Monday, May 23, 2022

Examples of What I Was Hoping to See on My Latest Trip

So, back from a week in Massachusetts with a dearth of heraldry. (But lots of family gravestones, plus good days visiting with living relatives, so I'm really not complaining!)

Still, I'd been hoping for a little more than I had found. I mean, the last time we visited Massachusetts (in 2008), we saw a bunch of heraldry! For example, these heraldic markers in the Granary Burying Ground.*

The armorial marker for Rev. Joseph Eckley, Gules three swords proper the middle surmounted by an escutcheon bearing a hand couped. Crest: An arm in armor embowed.

James Bowdoin, Esq., president of the Massachusetts Provincial Congress' executive council, the de facto head of the Massachusetts government, 1775-1777. Azure a chevron or between three birds close [proper?]. Crest: A swan proper.

Joseph Lasinby (1694-1774). Gules a fess between three cushions argent tasseled or overall a bend sable goutty or. Crest: A demi-unicorn holding a heart.

This next one should probably need no introduction; the canting arms, and crest, of the most famous signature on the American Declaration of Independence, that of John Hancock. Gules a sinister hand and on a chief argent three cocks gules. Crest: A demi-griffin.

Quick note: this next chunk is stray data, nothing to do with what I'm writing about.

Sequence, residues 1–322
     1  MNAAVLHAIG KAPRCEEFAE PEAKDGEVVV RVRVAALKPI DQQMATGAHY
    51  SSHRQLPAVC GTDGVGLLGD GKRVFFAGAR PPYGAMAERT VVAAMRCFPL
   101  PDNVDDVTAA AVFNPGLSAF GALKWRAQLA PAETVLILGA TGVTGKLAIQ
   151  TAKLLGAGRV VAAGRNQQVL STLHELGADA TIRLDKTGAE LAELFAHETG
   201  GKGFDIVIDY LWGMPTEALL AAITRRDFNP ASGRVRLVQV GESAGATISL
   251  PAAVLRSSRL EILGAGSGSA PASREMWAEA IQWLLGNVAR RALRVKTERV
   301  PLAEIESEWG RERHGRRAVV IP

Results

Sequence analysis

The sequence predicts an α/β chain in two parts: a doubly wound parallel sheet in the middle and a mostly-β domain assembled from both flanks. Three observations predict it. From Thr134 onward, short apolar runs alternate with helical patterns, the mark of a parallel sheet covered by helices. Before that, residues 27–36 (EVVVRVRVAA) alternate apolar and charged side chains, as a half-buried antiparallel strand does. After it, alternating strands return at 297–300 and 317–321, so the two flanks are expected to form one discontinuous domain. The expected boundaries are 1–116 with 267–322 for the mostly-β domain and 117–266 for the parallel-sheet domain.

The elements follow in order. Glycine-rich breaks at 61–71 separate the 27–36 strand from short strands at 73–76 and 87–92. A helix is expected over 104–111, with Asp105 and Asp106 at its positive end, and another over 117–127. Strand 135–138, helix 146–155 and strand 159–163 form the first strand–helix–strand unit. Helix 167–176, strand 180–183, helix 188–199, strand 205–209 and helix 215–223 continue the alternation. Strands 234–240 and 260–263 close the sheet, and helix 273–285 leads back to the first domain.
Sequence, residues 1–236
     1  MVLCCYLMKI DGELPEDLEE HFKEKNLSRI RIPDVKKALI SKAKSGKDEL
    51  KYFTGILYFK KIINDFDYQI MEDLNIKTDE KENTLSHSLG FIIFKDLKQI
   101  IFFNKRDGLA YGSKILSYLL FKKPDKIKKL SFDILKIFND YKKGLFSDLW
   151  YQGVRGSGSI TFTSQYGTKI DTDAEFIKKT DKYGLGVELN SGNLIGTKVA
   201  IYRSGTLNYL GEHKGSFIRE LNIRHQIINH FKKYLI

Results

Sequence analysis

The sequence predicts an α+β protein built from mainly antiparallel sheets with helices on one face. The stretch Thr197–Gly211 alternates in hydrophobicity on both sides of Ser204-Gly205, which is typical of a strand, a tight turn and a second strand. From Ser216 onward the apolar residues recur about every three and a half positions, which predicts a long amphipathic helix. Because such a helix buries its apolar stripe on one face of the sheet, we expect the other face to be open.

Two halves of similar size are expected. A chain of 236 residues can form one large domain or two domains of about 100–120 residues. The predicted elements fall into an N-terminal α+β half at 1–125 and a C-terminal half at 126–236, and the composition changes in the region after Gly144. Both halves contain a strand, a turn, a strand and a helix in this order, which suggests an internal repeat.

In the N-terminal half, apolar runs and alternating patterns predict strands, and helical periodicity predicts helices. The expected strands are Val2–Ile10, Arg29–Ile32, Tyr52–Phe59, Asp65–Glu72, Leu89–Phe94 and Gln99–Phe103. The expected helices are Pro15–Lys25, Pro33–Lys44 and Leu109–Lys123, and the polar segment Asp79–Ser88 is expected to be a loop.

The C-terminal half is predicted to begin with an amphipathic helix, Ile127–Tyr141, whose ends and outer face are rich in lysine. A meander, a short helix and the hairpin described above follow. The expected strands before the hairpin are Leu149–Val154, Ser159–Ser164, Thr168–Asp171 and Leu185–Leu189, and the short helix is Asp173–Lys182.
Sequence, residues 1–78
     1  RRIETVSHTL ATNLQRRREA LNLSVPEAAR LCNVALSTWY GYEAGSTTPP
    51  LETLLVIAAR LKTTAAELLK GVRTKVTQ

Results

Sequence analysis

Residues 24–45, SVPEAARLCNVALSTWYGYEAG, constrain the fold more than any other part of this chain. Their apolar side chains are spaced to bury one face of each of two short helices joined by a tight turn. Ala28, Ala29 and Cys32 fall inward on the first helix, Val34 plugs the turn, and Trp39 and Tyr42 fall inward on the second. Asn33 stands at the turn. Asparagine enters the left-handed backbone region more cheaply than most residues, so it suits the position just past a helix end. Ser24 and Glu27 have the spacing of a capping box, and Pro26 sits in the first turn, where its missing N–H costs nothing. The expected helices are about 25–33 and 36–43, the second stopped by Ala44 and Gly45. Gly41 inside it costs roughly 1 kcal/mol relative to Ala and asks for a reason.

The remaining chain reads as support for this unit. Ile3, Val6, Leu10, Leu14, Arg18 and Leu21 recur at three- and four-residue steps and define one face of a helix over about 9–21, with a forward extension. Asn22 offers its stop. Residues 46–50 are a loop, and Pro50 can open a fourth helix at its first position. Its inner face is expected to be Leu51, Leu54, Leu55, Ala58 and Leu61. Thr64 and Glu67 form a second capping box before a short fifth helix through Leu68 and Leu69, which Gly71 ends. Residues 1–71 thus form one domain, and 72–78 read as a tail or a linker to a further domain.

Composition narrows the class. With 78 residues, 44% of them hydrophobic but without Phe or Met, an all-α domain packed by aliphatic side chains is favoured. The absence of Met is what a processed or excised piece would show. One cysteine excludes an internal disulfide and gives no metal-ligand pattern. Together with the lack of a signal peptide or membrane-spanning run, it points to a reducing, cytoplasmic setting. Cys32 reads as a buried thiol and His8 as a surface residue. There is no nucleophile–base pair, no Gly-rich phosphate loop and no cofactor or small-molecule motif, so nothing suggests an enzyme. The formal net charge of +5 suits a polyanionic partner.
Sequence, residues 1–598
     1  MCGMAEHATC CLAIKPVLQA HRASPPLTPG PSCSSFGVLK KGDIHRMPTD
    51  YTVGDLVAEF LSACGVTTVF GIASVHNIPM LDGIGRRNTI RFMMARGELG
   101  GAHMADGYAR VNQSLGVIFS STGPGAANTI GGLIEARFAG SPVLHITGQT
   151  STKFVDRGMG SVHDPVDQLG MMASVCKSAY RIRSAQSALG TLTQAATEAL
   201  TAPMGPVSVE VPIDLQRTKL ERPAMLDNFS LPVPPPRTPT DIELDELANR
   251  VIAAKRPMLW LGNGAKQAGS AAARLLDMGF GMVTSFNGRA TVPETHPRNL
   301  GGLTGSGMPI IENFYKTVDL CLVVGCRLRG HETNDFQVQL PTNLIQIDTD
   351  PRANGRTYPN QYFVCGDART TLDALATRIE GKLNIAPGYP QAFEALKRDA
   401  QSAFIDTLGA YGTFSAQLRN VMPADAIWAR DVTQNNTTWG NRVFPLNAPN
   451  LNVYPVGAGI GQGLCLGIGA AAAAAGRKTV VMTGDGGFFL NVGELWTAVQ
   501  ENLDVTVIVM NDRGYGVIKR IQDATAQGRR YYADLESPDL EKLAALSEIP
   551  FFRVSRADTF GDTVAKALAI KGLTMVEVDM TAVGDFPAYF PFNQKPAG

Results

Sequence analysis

A coat of arms familiar to me from the Gore roll of arms, that of Cushing. Quarterly: 1 and 4, Gules an eagle displayed argent; 2 and 3, Gules three hands argent a canton checky or and azure. Crest: Two lion’s jambes erased sable supporting a ducal coronet or from which hangs a human heart gules.

And finally, a person well-known in Boston, especially for the market and meeting hall named after him, Peter Faneuil (pronounced FAN-ull), 1700-1743, Boston merchant, slave trader, and philanthropist. A descendant of French Huguenots, the arms, which may have been self-assumed, are only roughly heraldic. The Committee on Heraldry of the New England Historic Genealogical Society has blazoned them: A heart in a partial orle (in chief and on dexter side only) of seven mullets of six points, in sinister base a roundel charged with a cross formy(?). Crest: A bird close.

That's a fair bit of heraldry for one comparatively small burying ground in Boston.

* A burying ground ("a plot of land set aside for burying the dead", per Merriam-Webster) is not quite like a cemetery, where all of the graves a plotted out, and we know (or can find out) who is buried exactly where. For the most part, people buried in a burying ground are not so specifically located, and it is very likely that, in most instances, the marker commemorating someone is not, in fact, placed at the exact location where their body is buried. Think about the famous graveyard scene in Hamlet, where the gravedigger, while digging a grave in which to place Ophelia, comes across the skull of Yorick. It's like that.

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